As I have declared, my body is profoundly efficient. I do not require a great amount of food to maintain my weight.
Herein, then, is the problem.
When we eat, it is not just for nutrition, not just for the maintainance our bodies, but eating is also a social activity, a pleasurable activity and often, a comforting activity.
There are multiple reasons why we consume food – it is not just to live.
LET ME SAY at this juncture, that what I’m about to share is my experience and reflects me and where I am at. Please do not take offence, especially if you feel that my experience or understanding bears no bearing on you or your situation. We are all different. We are all at different places.
This is my story….
For me, the realisation that I was not just enjoying what I was eating, but I was also, and sometimes primarily, eating to enjoy. It dawned on me that I would initiate snacking and eating for the sole purpose of the enjoyment it brings. This was an epiphany, a revelation, a ‘light bulb’ moment which captured my imagination.
It was also rather disturbing.
There is a profoundly emotive word to describe this approach to life and eating. It is not a word that is easily or lightly used, and yet, I have chosen to use it to describe my case as it is the most accurate.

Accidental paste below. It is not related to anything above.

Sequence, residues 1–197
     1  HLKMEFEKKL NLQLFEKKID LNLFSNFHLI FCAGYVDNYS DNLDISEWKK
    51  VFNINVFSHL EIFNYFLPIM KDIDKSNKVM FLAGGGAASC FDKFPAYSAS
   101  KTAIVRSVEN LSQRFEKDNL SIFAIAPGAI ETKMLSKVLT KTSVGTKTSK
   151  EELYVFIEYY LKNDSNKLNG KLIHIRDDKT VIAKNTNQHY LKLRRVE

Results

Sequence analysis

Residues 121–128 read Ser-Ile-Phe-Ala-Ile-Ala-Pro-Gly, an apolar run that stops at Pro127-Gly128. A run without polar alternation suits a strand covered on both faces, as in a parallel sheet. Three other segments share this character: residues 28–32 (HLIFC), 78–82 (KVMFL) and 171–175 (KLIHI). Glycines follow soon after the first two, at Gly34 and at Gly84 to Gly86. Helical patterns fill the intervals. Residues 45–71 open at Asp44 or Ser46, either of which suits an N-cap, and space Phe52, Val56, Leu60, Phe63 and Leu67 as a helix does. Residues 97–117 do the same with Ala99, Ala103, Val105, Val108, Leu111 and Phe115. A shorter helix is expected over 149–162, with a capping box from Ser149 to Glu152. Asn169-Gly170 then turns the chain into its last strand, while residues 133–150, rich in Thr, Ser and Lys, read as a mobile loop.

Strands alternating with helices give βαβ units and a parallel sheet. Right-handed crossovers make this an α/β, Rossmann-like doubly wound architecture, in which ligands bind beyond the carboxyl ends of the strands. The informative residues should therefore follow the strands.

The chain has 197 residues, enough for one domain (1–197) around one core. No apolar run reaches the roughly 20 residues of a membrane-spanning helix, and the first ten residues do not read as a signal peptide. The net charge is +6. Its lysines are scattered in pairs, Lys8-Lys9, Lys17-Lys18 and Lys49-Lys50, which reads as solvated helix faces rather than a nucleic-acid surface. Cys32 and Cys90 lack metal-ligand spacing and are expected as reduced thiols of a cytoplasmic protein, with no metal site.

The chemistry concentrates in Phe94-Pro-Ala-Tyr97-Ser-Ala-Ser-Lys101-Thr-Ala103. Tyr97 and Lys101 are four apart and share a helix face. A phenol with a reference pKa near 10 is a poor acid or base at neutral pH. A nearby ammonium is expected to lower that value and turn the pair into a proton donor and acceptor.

The word is ‘hedonism’.
This reflects the motivation of my eating, the ‘why’ I ate what I ate, and when, and how much. This understanding shifted the focus off of the ‘what’ I consume and placed it fully on the ‘why’ I would eat.
This was a key revelation for me. The ‘what’ – that is what foods I chose – is important. The ‘when’ or ‘how often’ I indulge is also important. But, the ‘why’, or the ‘motivation’ – it is this that drives both the ‘what I choose to eat’, the ‘when’, the ‘how much’and the ‘how frequently’.
In Part 2, I explore how my understanding has practically affected the mundane task of maintaining a healthy weight state.
Earlier I described myself with the pariah word ‘obese’. I now add to my self description, the equally unappealing, and often unspoken, unacknowledged pariah word ‘hedonistic’ to describe my approach to eating.